Behind Sony’s booth space on the bustling show floor of E3, I had the opportunity to sit in on a God of War preview. The event was being demonstrated by Santa Monica Studio’s creative director Cory Barlog, a man who more recently just became a father. The themes of parenthood seem to run deep in the revitalisation of the long-standing action franchise, and they pull from Barlog’s personal experiences.
An interesting thing to note about the new God of War is that the son that was featured in the gameplay reveal isn’t a minor element – he’ll be a character that is with you from the start of your journey, to the end. While the specifics of what that journey will be weren’t shared with me, you can be sure that Kratos will be interacting with his child every step of the way, both on a narrative level, but a mechanical one too.
Eagle eyed viewers during the event may have noticed that XP points popped up during the demo when pivotal events occurred – like finding deer tracks in the snow adding Survival XP. This value isn’t being attributed to Kratos – he’s the Ghost of Sparta, I’m pretty sure he already has enough Survival XP, alongside his Kill-Everything- XP and Yell-Angrily XP. Instead, it’s going towards his son. As you play the game, he’ll learn from you and grow.
To make use of his growth, there’s an entire button dedicated to interacting with your son. While the developers didn’t go in to great detail about the breadth of actions you’ll be having your son do, there are combat applications. You can tell your son to attack a foe with his bow, which will stagger them or lock them down for a set amount of time. Because the combat now looks a lot more deliberate and weighty than before, this seems key – you’ll want to limit the amount of enemies you engage to increase your odds of survival.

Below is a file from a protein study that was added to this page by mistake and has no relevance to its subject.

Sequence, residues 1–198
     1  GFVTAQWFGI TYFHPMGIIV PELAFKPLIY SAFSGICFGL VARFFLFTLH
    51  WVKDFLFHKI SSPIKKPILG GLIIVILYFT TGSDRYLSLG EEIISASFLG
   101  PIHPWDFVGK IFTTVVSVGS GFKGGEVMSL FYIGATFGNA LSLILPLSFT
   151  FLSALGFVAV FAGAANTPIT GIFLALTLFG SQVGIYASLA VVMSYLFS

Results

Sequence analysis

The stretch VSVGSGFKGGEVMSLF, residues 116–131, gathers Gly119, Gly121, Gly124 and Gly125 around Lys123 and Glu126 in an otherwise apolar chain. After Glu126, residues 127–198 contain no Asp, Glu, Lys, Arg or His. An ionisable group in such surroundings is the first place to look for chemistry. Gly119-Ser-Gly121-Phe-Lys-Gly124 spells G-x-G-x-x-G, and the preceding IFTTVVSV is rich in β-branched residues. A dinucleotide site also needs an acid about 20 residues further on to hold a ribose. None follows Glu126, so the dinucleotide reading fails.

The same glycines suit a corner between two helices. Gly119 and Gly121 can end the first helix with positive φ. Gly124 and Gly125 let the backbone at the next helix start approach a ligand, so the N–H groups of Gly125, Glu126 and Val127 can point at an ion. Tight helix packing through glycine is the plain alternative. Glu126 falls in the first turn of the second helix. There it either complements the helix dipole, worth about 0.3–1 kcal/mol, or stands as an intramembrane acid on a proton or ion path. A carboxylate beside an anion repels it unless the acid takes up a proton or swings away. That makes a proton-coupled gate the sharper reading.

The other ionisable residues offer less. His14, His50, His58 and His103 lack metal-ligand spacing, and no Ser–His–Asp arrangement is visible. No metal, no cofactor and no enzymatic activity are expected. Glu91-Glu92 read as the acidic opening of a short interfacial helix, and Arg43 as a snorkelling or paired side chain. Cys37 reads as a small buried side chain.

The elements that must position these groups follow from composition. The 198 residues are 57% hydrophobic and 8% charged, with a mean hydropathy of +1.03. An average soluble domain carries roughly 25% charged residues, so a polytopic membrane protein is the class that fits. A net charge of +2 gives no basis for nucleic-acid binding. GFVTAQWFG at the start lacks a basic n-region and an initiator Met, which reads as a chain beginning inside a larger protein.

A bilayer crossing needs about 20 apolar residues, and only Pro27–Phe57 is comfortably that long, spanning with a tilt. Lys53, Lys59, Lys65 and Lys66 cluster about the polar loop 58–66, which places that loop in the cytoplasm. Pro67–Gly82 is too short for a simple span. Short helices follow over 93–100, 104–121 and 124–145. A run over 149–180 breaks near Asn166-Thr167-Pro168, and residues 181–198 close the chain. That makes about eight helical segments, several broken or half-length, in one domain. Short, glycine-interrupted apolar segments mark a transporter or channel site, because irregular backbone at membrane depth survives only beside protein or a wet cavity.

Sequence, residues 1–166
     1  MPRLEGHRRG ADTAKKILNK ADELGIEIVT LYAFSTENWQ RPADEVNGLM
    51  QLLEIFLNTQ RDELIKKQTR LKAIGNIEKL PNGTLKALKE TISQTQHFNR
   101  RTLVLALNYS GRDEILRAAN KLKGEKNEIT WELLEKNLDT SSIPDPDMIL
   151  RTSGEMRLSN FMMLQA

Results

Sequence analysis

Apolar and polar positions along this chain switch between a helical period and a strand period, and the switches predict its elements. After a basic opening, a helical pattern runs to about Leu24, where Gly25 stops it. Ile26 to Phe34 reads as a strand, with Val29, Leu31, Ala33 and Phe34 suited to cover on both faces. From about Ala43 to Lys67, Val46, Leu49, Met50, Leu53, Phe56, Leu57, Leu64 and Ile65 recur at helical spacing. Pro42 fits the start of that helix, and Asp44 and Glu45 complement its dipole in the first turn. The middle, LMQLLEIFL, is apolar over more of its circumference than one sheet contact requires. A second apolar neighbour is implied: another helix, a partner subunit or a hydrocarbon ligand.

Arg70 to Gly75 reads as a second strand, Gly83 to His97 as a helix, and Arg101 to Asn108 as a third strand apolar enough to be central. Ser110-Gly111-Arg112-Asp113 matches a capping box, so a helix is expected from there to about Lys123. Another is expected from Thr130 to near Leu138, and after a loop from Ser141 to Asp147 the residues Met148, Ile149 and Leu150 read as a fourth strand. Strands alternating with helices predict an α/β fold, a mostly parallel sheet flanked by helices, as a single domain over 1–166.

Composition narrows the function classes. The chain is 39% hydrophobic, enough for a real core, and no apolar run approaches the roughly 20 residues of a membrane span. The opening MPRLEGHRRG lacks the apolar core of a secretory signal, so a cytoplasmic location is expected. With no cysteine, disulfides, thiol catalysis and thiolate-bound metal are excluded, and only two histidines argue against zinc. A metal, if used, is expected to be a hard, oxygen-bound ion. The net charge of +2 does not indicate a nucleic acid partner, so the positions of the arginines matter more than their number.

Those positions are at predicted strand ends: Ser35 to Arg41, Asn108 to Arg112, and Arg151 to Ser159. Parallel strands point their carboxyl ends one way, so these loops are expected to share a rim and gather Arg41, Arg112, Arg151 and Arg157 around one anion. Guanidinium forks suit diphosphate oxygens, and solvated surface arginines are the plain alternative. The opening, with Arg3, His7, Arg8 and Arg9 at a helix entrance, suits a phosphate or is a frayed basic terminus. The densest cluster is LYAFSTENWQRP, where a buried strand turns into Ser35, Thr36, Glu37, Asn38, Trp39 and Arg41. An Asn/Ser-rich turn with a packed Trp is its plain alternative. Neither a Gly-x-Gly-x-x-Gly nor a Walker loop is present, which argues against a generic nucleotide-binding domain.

Further along that line are the fundamentals of combat itself. As can be seen from the preview reveal, gone are Kratos’ chain-swords (although the marks of them are still visible on his forearms). Kratos has traded them in for a nifty axe which, when thrown, can be summoned back to his hand. Its use seems to add a natural ebb and flow to the pace of battles: you need it to do large damage, but throwing it at an enemy locks them in to a stun state – taking them out of the fight, but leavn you with only your fists. Barlog stressed that coordinating when you’ll throw the axe, and when you’ll summon it back in to your hand mid fist-combo is key to performing well in combat.
Outisde of that, it looks like the game will feature some type of buying or selling economy, as I witnessed our ghostly-white hero pick up silver coins. There could also be crafting systems, as I also saw him pick up a resource called Asgardian Steel. The developers didn’t want to comment on those parts of the game yet.
I was initially of two-minds when Sony unveiled a new God of War – what they showed looked really cool, but did it have to be Kratos in this role, in this story? My gut-reaction was simple, and a little dismissive: “Why?”
While I’m still not entirely sold on the idea of bringing Kratos back to tell this story, if the folks at Santa Monica Studios can form a more personal, altruistic tale with him – and can make me care about it on an emotional level – well, they might just be doing something great with the franchise.